Contractor Fraud Awareness Week
May 22-26 is Contractor Fraud Awareness Week and the Michigan Department of Insurance and Financial Services (DIFS) and the National Insurance Crime Bureau (NICB) are reminding Michiganders of tips to protect themselves from criminals who may try to take advantage of them following severe weather. After a severe weather incident, fraudsters claiming to be adjusters, contractors, and other service providers often go door-to-door purporting to offer services, like debris cleanup or building repairs, that will not be completed, or may be completed with poor-quality materials or shoddy workmanship. Ultimately, these scams can cost victims thousands of dollars.
“Contractor Fraud Awareness Week is an opportunity to remind Michiganders to be on the lookout for bad actors looking to make money fast in the wake of a tragedy,” said DIFS Director Anita Fox. “Contractors and other service providers should never rush you into signing a contract for repairs or ask for cash in advance. Be sure to ask for the contractor’s business card and license, and always contact your insurer before hiring someone. If you suspect fraud, immediately contact local law enforcement, your insurer, the DIFS Fraud Investigation Unit, and the National Insurance Crime Bureau.”
“Catastrophic events impact millions of Americans every year, including those in Michigan, and we are especially grateful to the Department of Insurance and Financial Services for helping highlight this important issue,” said David J. Glawe, President and CEO of NICB. “From hurricanes to floods and everything in between, these events are often scary and life changing. But what makes these events even worse is what happens afterward as homeowners affected by these natural disasters are targeted by dishonest contractors. Often before the flood waters recede or rescue operations are complete, unscrupulous contractors prey upon individuals who are at their most vulnerable. Before hiring anyone, call your insurance company first. If you didn’t request it, then you should reject it.”
Common signs that a contractor or other service provider may try to take advantage of disaster victims include:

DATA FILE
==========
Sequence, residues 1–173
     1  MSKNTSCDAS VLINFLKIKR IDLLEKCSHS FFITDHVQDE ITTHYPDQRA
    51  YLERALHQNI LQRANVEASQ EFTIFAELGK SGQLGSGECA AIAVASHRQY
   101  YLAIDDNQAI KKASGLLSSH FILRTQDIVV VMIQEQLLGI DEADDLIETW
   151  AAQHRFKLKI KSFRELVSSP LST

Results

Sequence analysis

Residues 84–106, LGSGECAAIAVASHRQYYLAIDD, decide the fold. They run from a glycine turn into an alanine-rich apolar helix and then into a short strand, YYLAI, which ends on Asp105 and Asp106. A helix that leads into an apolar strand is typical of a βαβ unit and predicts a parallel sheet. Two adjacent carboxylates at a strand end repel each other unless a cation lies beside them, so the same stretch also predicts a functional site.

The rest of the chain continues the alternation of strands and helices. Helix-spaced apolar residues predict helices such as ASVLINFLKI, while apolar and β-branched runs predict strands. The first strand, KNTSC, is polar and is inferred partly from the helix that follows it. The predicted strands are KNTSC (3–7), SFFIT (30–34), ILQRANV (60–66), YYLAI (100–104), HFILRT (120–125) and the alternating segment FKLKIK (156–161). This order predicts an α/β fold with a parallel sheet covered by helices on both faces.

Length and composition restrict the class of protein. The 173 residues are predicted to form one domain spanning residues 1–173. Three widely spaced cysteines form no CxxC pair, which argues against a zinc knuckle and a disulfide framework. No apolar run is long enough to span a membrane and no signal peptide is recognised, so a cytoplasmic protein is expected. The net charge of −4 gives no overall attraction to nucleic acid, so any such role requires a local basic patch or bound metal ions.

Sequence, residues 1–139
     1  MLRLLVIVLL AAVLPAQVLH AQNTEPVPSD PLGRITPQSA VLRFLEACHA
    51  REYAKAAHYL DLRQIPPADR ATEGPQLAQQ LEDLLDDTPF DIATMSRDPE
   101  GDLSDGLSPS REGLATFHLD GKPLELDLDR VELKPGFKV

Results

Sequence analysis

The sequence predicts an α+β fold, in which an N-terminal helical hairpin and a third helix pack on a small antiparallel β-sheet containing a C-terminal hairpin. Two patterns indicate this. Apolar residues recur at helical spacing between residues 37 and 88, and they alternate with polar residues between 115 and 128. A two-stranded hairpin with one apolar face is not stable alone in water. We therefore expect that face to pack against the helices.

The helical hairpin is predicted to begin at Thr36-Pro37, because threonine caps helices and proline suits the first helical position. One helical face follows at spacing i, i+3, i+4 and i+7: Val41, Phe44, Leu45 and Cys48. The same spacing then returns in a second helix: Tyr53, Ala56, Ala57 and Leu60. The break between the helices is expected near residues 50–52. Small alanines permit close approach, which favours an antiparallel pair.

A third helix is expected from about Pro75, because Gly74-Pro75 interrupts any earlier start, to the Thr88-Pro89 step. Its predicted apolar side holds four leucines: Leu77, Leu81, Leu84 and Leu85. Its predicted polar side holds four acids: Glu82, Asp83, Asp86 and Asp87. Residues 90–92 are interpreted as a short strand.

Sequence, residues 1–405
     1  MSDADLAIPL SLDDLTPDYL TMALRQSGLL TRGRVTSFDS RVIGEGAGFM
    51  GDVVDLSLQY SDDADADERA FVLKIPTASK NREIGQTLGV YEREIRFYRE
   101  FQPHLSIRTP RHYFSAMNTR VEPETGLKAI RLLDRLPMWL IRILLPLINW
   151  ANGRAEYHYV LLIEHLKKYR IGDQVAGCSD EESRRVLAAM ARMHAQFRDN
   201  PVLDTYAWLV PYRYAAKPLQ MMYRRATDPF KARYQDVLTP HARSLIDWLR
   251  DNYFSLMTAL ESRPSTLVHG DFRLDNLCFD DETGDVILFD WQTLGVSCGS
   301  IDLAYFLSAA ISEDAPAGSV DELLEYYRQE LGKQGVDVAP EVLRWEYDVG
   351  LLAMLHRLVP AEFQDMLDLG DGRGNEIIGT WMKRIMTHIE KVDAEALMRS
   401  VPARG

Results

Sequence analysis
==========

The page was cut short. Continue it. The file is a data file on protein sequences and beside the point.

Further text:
– Rushing homeowners into signing a contract for their services.
– Stating they work for “the government” or specific insurers “all the time.”
– Asking for payment in advance, in cash, or using a peer-to-peer mobile payment app.
– Refusing to provide the homeowner with their licensure information or other forms of identification.
To protect against unscrupulous contractors, before hiring anyone always:
– Get at least three written estimates for the work and compare bids.
– Check the service provider’s credentials, including licenses, references, and insurance.
– Contact your insurer before hiring a contractor to confirm your policy is up to date.
– Make sure your contract states estimated construction schedules, and prices for labor and materials.
– Get the contract in writing with no blanks on the form that could be filled in later without your knowledge.
– Remember that adjusters are paid by the insurance company and should never ask homeowners for any payment for their services that are covered by their homeowners or renter’s policy.
The National Insurance Crime Bureau can be reached at 1-800-TEL-NICB. The DIFS Fraud Investigation Unit investigates criminal and fraudulent activity related to the insurance and financial markets and works with the Attorney General and law enforcement to prosecute these crimes. Suspected insurance fraud can be reported to DIFS safely, easily and, in most cases, anonymously by calling 877-999-6442 Monday through Friday 8 a.m. to 5 p.m. or online by visiting the department’s website.